Everyone’s favorite tech-ego Elon Musk has escalated his feud with the Securities and Exchange Commission, hitting back at accusations by regulators that he violated his settlement with the agency by posting “inaccurate and material information” about his firm on Twitter.
In a tip of the hat to International Women’s Day, Budweiser dusted off some of its old-school advertising, recreated with a more modern sensibility. Many described the side-by-side adverts as “jarring” or “very telling.” But the end result for Budweiser was a strong wave of people congratulating the brand for taking the lead on this social issue in their industry.
As the deadline for the expected “Brexit” of the United Kingdom from the European Union draws closer, the messaging from British lawmakers is becoming more pronounced and emphatic. All involved want to be seen as being on the right side of history on this, and they also want to have some leeway just in case their current position doesn’t work out as planned.
Prime Minister Theresa May, who narrowly survived a no-confidence vote earlier this year, is putting on a brave face after two different rejections of her plans to manage Brexit. May has been strong in her insistence that Brexit will work out well for Britain, and that the country will not leave the EU without a firm agreement.
Brian Gefter is a name synonymous with hospitality within the Food and Beverage industry. Over a decade ago, Gefter along with business partner Michael Satsky understood the need to develop a truly private and selective Food and Beverage brand. It was then, Provocateur was born.
The duo opened the first location in NY’s fashionable meatpacking district and have since expanded Provocateur into a global hospitality brand. Today, their vision can be experienced internationally with an expanding list of permanent and seasonal locations including Brazil, Dubai, France, and Spain.
When you think about brands celebrating casual Friday, banking and finance is not the first industry that comes to mind. In fact, the de facto uniform for the top brands in the industry has been buttoned up and high-class for so long, it’s practically unthinkable to represent big banks and investment groups wearing anything less than a custom-tailored suit and tie.But, in a recently leaked memo, Goldman Sachs has decided to relax its famously strict dress code, creating a new “firm flexible dress code.” That code, reportedly, includes concessions to “the changing nature of workplaces generally in favor of a more casual environment…”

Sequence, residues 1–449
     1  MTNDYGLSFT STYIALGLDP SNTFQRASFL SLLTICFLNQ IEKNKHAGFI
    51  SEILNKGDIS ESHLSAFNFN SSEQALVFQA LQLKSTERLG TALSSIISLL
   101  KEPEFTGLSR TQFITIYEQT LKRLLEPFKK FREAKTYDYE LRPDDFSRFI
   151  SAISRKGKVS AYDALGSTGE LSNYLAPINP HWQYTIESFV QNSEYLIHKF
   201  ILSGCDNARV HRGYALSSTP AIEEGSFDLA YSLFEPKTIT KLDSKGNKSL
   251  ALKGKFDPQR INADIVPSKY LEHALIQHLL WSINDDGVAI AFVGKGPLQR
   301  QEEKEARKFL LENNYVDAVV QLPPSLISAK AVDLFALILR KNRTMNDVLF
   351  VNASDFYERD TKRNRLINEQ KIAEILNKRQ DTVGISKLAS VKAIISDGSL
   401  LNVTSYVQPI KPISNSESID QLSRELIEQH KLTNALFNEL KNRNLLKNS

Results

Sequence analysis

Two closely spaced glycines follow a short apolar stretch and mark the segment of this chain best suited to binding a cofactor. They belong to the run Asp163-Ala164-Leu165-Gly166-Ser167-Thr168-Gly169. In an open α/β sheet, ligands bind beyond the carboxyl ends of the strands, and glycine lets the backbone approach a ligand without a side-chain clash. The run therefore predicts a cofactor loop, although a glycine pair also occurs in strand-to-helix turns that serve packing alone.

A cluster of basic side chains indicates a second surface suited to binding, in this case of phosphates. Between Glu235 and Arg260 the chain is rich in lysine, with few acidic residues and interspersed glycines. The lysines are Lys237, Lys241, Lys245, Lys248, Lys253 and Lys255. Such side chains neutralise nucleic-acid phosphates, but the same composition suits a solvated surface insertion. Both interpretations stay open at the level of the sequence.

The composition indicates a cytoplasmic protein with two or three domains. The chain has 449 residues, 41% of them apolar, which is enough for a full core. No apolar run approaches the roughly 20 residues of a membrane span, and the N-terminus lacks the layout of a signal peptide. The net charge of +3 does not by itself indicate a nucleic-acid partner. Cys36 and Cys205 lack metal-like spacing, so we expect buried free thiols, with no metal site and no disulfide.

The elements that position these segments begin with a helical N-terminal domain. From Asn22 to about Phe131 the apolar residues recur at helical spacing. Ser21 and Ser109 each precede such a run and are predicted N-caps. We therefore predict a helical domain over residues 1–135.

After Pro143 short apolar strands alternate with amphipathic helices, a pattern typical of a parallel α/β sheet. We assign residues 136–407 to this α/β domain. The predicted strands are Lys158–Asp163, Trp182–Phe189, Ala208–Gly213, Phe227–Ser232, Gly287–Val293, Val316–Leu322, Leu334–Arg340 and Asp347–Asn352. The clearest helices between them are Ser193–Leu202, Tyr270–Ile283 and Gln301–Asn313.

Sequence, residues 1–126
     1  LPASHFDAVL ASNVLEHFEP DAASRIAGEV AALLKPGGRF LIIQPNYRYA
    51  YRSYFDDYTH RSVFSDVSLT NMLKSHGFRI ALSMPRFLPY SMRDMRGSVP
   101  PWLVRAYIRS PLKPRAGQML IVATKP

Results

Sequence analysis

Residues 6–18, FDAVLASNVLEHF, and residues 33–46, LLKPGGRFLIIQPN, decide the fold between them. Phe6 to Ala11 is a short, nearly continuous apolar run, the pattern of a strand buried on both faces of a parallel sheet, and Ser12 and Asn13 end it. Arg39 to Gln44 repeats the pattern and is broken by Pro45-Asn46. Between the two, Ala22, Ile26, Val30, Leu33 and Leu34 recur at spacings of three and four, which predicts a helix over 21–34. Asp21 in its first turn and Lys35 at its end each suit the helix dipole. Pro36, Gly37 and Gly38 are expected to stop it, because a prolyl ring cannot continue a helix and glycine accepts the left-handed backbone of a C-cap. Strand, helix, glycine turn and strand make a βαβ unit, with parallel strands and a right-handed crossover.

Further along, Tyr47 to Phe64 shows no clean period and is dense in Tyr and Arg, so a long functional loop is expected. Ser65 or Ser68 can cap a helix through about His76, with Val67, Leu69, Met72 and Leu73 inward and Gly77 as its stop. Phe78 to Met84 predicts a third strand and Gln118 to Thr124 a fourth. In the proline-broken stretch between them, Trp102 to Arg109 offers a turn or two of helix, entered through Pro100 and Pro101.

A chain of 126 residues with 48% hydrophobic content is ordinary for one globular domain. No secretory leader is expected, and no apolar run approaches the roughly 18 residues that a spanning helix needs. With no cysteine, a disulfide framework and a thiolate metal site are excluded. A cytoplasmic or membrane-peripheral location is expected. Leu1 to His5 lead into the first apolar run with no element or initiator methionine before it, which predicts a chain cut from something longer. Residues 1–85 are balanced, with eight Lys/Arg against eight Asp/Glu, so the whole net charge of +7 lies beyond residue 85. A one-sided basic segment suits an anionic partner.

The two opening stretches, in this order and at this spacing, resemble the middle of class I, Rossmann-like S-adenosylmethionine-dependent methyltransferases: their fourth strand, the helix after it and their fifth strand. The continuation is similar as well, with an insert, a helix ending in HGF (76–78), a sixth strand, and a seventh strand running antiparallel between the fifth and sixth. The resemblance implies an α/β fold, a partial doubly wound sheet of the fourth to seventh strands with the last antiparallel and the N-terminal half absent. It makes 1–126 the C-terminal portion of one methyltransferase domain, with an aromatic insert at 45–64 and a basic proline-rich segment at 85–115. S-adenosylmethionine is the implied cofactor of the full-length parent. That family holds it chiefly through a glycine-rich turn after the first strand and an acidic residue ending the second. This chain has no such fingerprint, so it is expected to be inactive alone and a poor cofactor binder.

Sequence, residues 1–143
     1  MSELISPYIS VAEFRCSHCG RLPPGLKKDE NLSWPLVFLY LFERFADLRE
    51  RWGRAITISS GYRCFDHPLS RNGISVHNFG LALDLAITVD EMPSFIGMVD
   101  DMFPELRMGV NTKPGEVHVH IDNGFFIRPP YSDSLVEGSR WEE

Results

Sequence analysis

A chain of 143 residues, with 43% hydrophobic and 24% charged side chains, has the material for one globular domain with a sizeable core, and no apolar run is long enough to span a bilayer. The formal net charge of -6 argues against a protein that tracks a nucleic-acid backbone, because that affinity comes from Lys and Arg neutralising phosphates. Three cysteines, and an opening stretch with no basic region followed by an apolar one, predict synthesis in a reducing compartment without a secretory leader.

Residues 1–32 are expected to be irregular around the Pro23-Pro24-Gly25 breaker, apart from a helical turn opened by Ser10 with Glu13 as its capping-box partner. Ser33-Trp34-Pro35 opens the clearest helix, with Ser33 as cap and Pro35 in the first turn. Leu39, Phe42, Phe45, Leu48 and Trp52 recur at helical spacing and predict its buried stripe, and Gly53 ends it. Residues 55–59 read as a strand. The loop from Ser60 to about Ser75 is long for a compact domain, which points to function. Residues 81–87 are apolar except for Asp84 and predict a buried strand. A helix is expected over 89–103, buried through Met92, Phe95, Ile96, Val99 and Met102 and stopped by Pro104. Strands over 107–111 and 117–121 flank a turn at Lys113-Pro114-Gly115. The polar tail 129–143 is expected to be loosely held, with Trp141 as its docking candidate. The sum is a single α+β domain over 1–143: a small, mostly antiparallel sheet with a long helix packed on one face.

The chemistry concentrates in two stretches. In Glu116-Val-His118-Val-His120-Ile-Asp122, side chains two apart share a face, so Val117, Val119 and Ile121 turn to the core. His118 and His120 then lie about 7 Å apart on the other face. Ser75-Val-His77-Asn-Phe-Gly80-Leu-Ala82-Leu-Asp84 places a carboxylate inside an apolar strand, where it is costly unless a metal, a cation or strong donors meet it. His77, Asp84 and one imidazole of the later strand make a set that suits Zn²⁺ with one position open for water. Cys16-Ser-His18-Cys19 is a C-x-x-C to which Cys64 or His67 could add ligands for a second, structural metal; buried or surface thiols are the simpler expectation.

For years now, Target has been focused on becoming the go-to big box retailer for stylish Millennial and Gen X moms. This effort has involved bucking certain longstanding retail norms. The campaign has largely been successful.
The brand hit it big with its Cat & Jack kids clothing line, enticing parents who want inexpensive but more stylish clothing for growing children. But some shoppers complained of gaps in the store’s children’s clothing lines. Cat & Jack was great and all, they said, but not quite hip enough.
Let’s face it – marketing can be time consuming, and if you don’t have a team working 24/7 dedicated to marketing efforts, it can take a away big chunk of your day. However, if you’re not spending enough time on marketing then it could affect your business prospects and stall growth. It’s a Catch-22 and a tough question for many businesses: should you spend more time developing and improving your product or more time marketing and selling it?
Voters in Arizona, as well as some lawmakers and media representatives are currently asking the state charter board why it’s spending thousands of dollars each month on a single contractor for “ill-defined media relations” work.
According to reports, the state hired PR representation back in 2017, when it faced “critical media reports” relative to “financial self-dealing and mismanagement” in the Arizona charter sector. The PR professional at the heart of this matter responded to the media critique by saying:
“While I don’t speak for the Board, my recollection is that the Board and charter schools generally had become the subject of intense media focus back in 2017, including a significant number of negative stories…”
In a radical break from the Big-Tech norm, Apple CEO Tim Cook has called on the US government help internet users control the collection of their personal data. In an op-ed for Time magazine, Cook asserts that consumers should have the power to “delete their data on demand, freely, easily and online, once and for all.”
Cook’s pledge is pitted heavily against the “shadow economy” of data brokers, firms that ply their wares via the collection and sale of personal data reaped from digital tracking. Think Facebook’s 2018 data sharing scandal, of Cambridge Analytica and Trumpian fame.
Sometimes, the best way to win goodwill and hang on to slipping market share is to employ an old-fashioned price drop. This is especially effective when the competition just raised their rates. At least, that seems to be the thinking behind the surprise announcement that Hulu would be dropping the price of its least-expensive subscription by two bucks. Now, Hulu’s basic plan, which still includes advertisements – a point of contention for streaming customers – will only cost $6 per month, at least, as of February 26. The on-demand streaming service without ads will remain $12.